The Swedish Model
It's the free-market reforms, stupid.
By JOHNNY MUNKHAMMAR
In a Europe plagued by debt crises, one country has no budget deficit at all and is currently returning to surplus. This same country is consistently among Europe's fastest growing economies, with GDP growth set to hit 4% this year.
That country is Sweden. For many years, foreign policy-makers have pointed to Sweden as a positive model to follow, making Swedes like me proud. Too often, though, foreigners have drawn the wrong lessons from Sweden's success. For instance, whenever I give a lecture, anywhere in Europe, about economic reform, I always get the following response: "But you come from Sweden, which is socialist and successful—why should we launch free-market policies ?"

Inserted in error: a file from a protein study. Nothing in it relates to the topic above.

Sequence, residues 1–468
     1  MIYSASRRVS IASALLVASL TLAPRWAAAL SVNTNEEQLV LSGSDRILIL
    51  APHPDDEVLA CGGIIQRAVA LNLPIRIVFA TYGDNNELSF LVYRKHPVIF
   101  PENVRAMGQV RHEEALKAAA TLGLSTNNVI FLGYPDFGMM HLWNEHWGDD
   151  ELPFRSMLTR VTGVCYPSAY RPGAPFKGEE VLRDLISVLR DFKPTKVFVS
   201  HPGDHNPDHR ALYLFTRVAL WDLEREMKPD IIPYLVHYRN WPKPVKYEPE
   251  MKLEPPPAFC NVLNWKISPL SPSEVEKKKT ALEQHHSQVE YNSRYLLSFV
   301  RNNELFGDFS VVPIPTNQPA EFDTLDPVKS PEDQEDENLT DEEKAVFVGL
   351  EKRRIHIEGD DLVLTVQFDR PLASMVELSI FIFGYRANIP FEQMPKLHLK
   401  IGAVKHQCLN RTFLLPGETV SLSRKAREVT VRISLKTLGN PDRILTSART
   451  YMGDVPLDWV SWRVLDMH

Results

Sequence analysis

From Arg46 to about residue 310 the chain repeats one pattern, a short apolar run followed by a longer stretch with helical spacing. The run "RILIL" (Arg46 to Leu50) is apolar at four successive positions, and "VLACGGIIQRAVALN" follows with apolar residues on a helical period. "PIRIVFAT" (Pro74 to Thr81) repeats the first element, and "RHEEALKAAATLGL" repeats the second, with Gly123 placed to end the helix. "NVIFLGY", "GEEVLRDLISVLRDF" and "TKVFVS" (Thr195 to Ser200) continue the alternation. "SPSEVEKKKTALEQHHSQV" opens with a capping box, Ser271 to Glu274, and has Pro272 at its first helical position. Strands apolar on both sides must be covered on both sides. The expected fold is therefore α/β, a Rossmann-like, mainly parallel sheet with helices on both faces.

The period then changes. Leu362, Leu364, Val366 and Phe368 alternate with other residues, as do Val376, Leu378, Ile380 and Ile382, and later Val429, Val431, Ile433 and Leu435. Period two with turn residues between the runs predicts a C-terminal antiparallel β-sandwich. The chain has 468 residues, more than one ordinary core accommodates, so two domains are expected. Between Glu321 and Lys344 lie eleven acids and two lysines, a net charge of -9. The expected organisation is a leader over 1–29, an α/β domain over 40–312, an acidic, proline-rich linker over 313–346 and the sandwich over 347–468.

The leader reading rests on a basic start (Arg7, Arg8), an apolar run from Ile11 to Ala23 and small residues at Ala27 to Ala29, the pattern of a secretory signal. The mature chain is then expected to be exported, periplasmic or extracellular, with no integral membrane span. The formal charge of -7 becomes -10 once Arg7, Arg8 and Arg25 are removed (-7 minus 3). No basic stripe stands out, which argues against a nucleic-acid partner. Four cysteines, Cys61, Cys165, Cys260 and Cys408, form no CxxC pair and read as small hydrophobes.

The simple truth is that Sweden is not socialist. According to the World Values Survey and other similar studies, Sweden combines one of the highest degrees of individualism in the world, solid trust in well-functioning institutions, and a high degree of social cohesion. Among the 160 countries studied in the Index of Economic Freedom, Sweden ranks 21st, and is one of the few countries that increased its economic freedoms during the financial crisis. Sweden gets higher scores for liberal markets than Germany and Belgium, or reformers such as Cyprus and Georgia.
It's true that Sweden wasn't always so free. But Sweden's socialism lasted only for a couple of decades, roughly during the 1970s and 1980s. And as it happens, these decades mark the only break in the modern Swedish success story.
In the mid-1800s, Sweden was one of the poorest and underdeveloped countries in Europe. Then, Finance Minister Johan August Gripenstedt, a proponent of de Tocqueville and Bastiat, launched far-reaching economic reforms that forged Sweden's transition to capitalism. Sweden was opened up to the world, to free trade, and to migration. Free enterprise and free competition were introduced. In particular, the financial sector was deregulated.
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